At two New York City events in early June, two amazing educators and humanitarians, Theresa Kubasak and Gabe Huck, launched Never Can I Write of Damascus: When Syria Became Our Home, their memoir of the seven years they spent in Damascus, 2005-2012.
At both events, copies of the book sold out! (Disappointed attendees learned they can order the book from their local bookstore, Amazon, or our website.)
The first event (in the photos here) was held in downtown Brooklyn’s fabulous Book Court bookstore, June 5th. At this event, the authors were introduced by Dr. Linda Jacobs, author of the recently released study Strangers in the West: The Syrian Colony of New York City, 1880-1900, who also fielded the questions during the Q&A session.
At this book talk, as at the one that followed it two days later, Kubasak and Huck opened the event with a minute of silence in solidarity with the much-suffering people of Syria.
Since Ramadan was about to begin, the excerpts from the book that they’d picked to read at Book Court were some of the very moving descriptions they had included, of what it was like to experience Ramadan while they were in Damascus.
In their book talks– as in the book itself!– the authors repeatedly noted how friendly and welcoming they had found the Damascus residents who were their neighbors as they lived in four different neighborhoods of Damascus. They also noted the rich diversity of the city’s ethnic makeup and culture. They stressed that their experience during the seven years they lived in the city completely belied the impressions most Americans have of life in Syria. They noted how many times they had been asked by Americans whether they were “scared” to be living in Syria, and noted that had encountered nothing but friendship and hospitality from the numerous Syrians they had met there.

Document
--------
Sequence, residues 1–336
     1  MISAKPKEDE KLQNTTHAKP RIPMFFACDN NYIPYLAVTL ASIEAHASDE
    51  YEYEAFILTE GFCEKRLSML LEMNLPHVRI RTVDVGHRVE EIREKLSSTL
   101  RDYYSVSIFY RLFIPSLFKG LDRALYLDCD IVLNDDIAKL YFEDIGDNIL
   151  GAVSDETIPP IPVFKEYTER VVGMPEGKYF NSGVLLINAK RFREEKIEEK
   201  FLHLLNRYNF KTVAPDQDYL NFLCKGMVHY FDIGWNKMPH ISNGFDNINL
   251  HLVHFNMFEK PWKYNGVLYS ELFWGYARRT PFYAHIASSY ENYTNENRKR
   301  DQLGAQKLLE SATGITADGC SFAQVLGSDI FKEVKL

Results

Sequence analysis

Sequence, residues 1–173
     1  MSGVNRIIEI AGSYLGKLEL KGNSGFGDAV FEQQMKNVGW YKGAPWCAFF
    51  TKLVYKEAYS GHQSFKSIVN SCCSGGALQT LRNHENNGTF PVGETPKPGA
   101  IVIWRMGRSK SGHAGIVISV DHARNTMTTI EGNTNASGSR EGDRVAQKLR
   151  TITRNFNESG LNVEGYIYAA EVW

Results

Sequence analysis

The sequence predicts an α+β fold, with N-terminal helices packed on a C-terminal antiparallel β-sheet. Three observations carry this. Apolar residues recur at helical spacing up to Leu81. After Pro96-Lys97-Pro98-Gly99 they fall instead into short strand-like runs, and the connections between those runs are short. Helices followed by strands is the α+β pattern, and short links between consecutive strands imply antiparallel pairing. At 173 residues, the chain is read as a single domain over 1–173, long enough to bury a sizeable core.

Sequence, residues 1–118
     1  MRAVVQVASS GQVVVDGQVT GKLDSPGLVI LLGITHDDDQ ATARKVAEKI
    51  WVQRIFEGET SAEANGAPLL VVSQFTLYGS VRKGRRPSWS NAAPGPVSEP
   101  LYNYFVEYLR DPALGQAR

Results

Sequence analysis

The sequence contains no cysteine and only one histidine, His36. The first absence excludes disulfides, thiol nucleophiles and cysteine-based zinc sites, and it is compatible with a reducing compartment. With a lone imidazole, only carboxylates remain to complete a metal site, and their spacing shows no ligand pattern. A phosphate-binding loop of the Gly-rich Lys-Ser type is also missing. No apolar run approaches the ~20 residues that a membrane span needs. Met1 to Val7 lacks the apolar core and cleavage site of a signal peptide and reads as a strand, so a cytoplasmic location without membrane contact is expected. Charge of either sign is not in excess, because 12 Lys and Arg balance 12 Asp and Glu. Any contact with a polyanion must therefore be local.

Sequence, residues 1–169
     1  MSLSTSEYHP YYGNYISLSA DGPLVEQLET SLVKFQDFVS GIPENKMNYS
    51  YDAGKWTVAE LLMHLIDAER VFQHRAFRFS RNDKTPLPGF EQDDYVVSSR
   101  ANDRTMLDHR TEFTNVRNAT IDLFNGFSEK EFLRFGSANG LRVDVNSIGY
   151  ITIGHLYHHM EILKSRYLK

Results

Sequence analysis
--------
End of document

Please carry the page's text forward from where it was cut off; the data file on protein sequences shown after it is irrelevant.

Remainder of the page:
The second launch event for Never Can I Write of Damascus was held in a lovely meeting-room at the U.N. Church Center, overlooking the U.N.’s distinctive headquarters building in midtown Manhattan.
It was co-sponsored by Just World Books and the NGO Working Group at the U.N. for Israel and Palestine. Former Working Group co-chair Doug Hostetter, who heads the Mennonite Central Committee’s office at the U.N., welcomed attendees. (Hostetter is also a key contributor to The People Make the Peace: Lessons from the Vietnam Antiwar Movement, which was published by Just World Books in September 2015.)